Last night I put the Khoresh together, I ended up using 3 pounds of lamb leg, cut up into one inch cubes and browned. I'm making celery khoresh, khoresh-e-karafs, and it looks kind of bright green when you're done because it has a lot of parsley and mint in it (and sometimes cilantro, mine has that too). My neighbor the Persian food expert tasted it and said to add more mint -- I used the juice of three limes and it's sour-ish, and the mint flavor balances that a bit. I told her I had put in a ton of fresh mint but then I remembered I have dried mint (a typical Persian ingredient) which packs a real punch, so adding a teaspoon of that probably got the flavor up to where it should be. The lamb chunks are so tender now, this is a really good stew.

I had intended to also make my kashk-e-bademjan last night but was kind of overwhelmed with the work required for the stew. It finally snowed here, and Louise is taking the day off for unrelated reasons, so I think I'll just put that dish together now. Long story short, it's eggplant dip with yogurt. Flavored with Persian things (mint, turmeric, crispy browned onions, walnuts).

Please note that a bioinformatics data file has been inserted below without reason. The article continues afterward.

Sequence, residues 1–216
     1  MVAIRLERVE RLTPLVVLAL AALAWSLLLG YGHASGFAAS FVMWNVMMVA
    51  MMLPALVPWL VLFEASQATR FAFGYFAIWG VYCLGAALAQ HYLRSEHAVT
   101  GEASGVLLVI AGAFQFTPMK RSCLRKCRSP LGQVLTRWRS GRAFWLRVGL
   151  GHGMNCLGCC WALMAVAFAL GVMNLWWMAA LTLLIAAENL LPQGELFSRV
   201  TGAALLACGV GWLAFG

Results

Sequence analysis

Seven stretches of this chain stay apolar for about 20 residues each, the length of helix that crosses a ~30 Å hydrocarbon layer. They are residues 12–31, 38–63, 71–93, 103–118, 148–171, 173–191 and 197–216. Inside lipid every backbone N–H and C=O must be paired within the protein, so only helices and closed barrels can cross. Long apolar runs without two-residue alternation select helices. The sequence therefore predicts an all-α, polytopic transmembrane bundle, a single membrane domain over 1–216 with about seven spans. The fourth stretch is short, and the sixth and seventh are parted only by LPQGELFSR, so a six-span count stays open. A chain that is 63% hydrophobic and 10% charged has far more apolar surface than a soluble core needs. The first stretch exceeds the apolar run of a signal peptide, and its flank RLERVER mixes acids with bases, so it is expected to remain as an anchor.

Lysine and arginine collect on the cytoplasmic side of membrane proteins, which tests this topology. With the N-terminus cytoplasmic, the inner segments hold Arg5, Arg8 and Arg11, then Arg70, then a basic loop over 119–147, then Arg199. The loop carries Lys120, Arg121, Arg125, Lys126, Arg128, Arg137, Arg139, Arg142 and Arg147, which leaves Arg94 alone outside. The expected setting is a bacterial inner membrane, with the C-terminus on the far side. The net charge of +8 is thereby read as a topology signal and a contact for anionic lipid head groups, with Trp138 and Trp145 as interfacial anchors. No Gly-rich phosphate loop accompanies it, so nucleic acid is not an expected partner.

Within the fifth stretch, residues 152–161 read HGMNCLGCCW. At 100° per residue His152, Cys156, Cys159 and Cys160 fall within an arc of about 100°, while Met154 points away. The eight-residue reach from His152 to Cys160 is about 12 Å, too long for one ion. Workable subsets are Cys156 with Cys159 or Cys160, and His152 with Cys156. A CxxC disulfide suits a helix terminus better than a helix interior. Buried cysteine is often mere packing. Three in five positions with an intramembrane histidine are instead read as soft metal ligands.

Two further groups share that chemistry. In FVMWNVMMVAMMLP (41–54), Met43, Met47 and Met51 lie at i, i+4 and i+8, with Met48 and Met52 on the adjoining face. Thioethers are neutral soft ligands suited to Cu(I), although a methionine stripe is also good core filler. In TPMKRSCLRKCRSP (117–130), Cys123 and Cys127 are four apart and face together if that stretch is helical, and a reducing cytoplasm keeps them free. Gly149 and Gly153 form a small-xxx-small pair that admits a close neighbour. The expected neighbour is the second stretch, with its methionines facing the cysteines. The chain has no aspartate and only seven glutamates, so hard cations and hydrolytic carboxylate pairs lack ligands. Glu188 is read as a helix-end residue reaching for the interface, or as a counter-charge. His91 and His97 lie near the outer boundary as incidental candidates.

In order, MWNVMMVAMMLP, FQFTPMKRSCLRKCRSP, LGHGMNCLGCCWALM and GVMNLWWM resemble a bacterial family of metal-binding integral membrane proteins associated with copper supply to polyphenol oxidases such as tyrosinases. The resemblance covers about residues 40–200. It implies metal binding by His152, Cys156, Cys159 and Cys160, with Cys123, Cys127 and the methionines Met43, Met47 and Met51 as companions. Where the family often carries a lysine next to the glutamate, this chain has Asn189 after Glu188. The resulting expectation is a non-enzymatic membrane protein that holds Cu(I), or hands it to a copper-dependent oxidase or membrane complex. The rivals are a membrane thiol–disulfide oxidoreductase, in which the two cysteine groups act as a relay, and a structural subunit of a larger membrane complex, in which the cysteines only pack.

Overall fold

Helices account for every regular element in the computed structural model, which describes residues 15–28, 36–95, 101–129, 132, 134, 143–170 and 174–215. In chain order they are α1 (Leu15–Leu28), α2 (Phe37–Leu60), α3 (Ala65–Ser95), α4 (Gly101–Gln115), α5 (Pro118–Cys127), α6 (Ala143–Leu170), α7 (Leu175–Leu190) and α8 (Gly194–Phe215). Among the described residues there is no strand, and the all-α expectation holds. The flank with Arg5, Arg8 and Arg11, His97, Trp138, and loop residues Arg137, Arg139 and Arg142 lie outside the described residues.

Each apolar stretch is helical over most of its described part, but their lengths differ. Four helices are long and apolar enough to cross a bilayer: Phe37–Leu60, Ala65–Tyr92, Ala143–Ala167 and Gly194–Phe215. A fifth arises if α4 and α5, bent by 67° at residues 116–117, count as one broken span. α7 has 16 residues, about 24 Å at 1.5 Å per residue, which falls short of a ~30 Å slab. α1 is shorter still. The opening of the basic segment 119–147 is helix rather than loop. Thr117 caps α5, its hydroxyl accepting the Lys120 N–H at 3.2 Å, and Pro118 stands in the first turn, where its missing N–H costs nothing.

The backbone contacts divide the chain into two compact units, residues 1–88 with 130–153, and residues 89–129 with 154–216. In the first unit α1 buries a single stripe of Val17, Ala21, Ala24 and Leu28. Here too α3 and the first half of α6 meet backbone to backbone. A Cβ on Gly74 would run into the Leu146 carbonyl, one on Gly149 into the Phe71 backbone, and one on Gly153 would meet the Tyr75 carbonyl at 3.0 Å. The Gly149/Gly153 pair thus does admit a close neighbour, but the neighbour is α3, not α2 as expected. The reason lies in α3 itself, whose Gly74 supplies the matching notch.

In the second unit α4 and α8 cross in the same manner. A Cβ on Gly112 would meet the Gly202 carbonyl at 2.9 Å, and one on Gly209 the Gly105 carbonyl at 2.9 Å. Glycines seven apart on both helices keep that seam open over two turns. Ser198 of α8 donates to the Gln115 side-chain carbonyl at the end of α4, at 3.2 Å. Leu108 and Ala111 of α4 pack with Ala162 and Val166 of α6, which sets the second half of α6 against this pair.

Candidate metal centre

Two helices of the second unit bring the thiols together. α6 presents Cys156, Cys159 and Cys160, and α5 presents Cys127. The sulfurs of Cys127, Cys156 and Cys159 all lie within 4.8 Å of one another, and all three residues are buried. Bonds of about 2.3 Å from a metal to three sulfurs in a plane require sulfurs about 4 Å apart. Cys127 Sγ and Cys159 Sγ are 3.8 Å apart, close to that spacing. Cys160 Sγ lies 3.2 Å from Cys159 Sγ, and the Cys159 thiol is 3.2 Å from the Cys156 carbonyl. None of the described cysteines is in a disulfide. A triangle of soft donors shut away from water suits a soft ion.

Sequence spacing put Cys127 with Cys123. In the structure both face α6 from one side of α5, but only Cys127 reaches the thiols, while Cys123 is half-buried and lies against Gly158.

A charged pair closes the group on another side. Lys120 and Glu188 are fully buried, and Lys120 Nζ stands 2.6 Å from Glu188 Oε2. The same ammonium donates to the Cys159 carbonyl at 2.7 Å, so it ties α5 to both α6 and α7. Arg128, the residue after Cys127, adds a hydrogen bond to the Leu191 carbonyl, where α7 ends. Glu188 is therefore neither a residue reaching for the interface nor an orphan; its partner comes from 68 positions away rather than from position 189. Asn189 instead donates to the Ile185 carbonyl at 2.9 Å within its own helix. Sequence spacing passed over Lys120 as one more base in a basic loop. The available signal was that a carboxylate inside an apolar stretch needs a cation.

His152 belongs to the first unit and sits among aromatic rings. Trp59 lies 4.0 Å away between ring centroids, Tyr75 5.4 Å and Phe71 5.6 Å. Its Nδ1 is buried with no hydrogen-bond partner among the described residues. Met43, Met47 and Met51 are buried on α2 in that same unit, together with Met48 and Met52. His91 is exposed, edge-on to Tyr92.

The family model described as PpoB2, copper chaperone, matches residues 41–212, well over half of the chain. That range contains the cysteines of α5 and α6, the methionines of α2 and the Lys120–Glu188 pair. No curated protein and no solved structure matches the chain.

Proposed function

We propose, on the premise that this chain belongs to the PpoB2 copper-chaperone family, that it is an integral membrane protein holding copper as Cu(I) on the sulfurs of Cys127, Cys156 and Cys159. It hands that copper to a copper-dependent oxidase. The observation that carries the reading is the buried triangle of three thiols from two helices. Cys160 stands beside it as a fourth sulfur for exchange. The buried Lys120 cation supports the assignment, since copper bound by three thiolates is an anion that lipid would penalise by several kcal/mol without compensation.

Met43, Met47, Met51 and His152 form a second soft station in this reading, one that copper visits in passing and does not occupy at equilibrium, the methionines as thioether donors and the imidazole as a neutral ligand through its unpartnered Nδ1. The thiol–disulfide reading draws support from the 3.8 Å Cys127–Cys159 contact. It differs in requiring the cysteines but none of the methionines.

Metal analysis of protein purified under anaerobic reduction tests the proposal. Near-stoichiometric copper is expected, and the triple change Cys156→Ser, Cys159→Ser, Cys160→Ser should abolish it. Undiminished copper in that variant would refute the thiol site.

I was going to make Adas Polow which is rice with lentils raisins and dates -- but my advisor said that's too many flavors with the khoreshe karafs, so I am going to do a simple version of the rice cooked with a stick of butter and flavored with saffron -- cooked in a cooker which will give it a scorched brown bottom. Requires very little prep or attention and will make a good foil for the stew.

I've bought Naan from Costco, and Lavash bread from a middle-eastern grocery, and I suppose I will rely on other people to get the stuff I mentioned above in the email I quoted. Even if nobody brings anything else -- with the egg "kookoo" my friends are making we will have the fixings of a good Persian dinner.
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Re: Persian New Year plans, Nowruz

Postby Susan B » Fri Mar 08, 2013 1:36 pm